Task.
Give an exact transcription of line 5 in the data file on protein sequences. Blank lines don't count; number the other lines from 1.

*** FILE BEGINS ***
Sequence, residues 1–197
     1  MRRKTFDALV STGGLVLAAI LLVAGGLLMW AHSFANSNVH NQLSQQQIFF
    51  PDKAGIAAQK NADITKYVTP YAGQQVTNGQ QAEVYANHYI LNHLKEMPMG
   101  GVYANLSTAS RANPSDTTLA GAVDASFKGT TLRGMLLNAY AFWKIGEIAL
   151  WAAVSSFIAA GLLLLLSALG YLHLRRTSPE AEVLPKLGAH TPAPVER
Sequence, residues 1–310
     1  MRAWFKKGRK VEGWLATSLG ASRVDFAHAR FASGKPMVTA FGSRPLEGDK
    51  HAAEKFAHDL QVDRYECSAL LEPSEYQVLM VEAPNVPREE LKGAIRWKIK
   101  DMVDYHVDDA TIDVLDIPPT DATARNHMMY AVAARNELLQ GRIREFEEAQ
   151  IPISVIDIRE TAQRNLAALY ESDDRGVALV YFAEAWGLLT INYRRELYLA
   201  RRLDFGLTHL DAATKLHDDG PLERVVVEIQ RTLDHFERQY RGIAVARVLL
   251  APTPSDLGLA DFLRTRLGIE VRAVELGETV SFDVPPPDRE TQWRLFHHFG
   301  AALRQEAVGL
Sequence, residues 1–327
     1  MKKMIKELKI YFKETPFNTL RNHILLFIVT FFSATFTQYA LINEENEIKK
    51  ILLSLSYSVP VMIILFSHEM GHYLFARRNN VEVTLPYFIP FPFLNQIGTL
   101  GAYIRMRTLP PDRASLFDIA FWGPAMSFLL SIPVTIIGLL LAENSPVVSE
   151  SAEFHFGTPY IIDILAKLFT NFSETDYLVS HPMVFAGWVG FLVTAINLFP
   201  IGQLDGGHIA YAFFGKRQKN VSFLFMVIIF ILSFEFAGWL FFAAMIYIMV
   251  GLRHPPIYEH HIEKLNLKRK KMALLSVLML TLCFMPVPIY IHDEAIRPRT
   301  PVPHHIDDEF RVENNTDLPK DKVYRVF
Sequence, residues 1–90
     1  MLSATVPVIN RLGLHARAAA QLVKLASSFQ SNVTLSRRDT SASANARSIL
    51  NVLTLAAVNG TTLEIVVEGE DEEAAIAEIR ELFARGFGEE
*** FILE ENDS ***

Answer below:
   151  WAAVSSFIAA GLLLLLSALG YLHLRRTSPE AEVLPKLGAH TPAPVER